New York City gave birth to a communist Fifth Column movement
I remember when a Fifth Column movement was alive and thriving in New York City’s west village, also known as Greenwich Village.
See When New York City Was the Capital of American Communism
” The Brooklyn-born playwright and critic Lionel Abel, who cut his political teeth in left-wing circles in Greenwich Village in the 1930s, remarked in his memoirs that during the Depression years, New York City “went to Russia and spent most of the decade there.” Leaving aside Mr. Abel’s taste for the mordant, he had a point.
For a few decades — from the 1930s until Communism’s demise as an effective political force in the 1950s — New York City was the one place where American communists came close to enjoying the status of a mass movement. Party members could live in a milieu where co-workers, neighbors and the family dentist were fellow Communists; they bought life insurance policies (excellent value for money) from party-controlled fraternal organizations; they could even spend their evenings out in night clubs run by Communist sympathizers (like the ironically named Café Society on Sheridan Square in Greenwich Village, a showcase for up-and-coming black performers like Billie Holliday).”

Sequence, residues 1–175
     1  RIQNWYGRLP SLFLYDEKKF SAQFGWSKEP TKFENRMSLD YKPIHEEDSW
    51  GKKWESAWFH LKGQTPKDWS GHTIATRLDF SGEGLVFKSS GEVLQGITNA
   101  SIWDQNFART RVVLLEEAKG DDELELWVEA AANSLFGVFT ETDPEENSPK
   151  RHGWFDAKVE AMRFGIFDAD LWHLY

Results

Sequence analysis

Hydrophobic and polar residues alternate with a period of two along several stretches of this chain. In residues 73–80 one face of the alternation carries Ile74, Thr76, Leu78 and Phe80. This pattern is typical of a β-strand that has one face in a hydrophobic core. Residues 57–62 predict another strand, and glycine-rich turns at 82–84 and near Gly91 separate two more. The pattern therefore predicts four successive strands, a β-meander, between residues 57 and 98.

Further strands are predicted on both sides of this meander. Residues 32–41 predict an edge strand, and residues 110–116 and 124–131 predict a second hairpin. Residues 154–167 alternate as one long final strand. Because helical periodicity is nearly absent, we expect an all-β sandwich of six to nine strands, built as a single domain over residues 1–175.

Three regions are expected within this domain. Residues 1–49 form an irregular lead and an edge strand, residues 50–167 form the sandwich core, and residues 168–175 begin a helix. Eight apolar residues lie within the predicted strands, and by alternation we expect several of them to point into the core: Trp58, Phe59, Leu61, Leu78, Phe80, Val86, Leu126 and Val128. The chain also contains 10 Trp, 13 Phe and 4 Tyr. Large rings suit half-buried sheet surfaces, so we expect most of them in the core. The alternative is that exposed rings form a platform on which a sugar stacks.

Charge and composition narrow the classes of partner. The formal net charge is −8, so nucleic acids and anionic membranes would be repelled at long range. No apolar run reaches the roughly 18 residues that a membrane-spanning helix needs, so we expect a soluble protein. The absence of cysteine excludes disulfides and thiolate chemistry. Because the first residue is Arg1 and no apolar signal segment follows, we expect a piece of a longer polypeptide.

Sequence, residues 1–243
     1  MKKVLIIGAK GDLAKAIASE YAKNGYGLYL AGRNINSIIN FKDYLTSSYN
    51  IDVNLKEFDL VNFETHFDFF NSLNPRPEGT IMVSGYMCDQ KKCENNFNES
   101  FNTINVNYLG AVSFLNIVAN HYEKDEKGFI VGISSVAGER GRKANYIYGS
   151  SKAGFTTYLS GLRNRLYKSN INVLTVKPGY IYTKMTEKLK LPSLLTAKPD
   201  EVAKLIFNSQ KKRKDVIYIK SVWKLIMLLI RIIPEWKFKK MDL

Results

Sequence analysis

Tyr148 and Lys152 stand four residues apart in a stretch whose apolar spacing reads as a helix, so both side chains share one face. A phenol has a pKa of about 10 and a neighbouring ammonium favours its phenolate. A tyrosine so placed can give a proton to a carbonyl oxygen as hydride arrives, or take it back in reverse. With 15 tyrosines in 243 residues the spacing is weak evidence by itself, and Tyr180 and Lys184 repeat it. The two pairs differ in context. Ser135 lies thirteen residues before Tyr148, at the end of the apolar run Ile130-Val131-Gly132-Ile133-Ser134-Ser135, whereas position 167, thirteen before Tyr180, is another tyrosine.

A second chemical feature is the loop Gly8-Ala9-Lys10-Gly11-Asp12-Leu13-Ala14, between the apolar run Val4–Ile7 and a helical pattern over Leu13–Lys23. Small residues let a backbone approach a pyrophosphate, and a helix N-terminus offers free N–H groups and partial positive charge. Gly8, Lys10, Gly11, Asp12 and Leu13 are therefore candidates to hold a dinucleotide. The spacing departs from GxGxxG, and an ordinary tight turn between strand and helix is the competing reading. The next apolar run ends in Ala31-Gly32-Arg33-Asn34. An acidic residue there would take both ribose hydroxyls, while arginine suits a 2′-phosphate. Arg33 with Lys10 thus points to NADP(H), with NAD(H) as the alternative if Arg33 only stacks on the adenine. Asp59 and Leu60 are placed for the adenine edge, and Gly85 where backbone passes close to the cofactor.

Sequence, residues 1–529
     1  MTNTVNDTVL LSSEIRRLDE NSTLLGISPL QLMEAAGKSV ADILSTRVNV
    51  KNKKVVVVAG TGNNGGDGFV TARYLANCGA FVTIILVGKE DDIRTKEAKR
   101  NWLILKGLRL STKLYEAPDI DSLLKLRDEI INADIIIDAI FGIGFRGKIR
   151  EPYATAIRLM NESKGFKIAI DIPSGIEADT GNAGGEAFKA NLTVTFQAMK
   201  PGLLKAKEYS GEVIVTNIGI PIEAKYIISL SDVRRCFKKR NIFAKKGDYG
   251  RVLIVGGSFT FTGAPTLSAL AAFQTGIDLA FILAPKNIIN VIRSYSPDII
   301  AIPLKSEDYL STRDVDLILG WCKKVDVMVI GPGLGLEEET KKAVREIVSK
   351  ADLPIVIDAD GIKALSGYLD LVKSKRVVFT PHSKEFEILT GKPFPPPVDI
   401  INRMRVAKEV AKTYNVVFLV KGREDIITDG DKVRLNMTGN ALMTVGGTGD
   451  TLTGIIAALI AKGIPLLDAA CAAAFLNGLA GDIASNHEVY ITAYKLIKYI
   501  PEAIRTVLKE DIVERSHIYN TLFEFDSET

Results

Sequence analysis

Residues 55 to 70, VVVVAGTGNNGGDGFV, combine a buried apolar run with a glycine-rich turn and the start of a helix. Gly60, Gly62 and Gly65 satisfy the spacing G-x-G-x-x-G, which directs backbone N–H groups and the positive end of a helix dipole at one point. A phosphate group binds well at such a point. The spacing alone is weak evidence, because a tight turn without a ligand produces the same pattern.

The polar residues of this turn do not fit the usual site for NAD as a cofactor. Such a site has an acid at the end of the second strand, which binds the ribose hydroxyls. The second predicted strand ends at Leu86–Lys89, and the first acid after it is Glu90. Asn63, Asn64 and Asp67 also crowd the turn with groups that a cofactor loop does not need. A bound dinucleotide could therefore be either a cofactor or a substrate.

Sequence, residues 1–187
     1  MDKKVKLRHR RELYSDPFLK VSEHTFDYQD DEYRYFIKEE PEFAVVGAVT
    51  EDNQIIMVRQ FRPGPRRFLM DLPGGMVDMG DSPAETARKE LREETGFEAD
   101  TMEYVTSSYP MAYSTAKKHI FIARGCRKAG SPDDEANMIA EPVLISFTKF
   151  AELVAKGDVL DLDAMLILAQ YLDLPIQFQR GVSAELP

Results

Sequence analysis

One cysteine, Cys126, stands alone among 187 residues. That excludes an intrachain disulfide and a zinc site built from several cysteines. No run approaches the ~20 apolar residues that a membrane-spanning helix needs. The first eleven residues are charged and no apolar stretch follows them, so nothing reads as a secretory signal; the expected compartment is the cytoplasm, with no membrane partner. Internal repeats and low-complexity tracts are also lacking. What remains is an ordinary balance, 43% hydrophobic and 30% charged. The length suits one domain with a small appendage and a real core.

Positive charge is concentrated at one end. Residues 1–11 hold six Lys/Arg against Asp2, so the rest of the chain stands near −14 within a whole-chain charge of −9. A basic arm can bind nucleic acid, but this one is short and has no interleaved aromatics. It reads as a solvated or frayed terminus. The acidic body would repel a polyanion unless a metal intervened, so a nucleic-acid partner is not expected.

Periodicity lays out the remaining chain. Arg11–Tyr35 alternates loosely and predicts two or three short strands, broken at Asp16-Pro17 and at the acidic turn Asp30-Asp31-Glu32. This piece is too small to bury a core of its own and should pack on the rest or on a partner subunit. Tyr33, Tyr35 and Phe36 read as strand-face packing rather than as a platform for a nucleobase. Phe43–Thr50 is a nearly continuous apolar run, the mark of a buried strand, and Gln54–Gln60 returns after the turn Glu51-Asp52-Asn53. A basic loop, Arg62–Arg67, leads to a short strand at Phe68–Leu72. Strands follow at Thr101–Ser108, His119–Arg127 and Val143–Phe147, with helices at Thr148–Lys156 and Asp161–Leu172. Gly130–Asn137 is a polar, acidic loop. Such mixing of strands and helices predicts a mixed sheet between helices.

Well, it appears the old Fifth Column movement is still alive and well in America and its ring leaders are in control of the democrat party who need an impoverished and dependent population who they can charm with free government cheese. Why else would Bill de Blasio, Schumer and Pelosi want to import the world’s dependent poverty stricken, poorly educated, low and unskilled populations into America?
Is it not reasonable to believe Bill de Blasio, Schumer and Pelosi are inspired by socialism and communism, and buying votes with government cheese to retain their hold on government power?
The unavoidable truth is, our social democrats’ plan for “free” college tuition will be paid for by taxing the paychecks of millions of college graduates who worked for and paid their own way through college and are now trying to finance their own economic needs.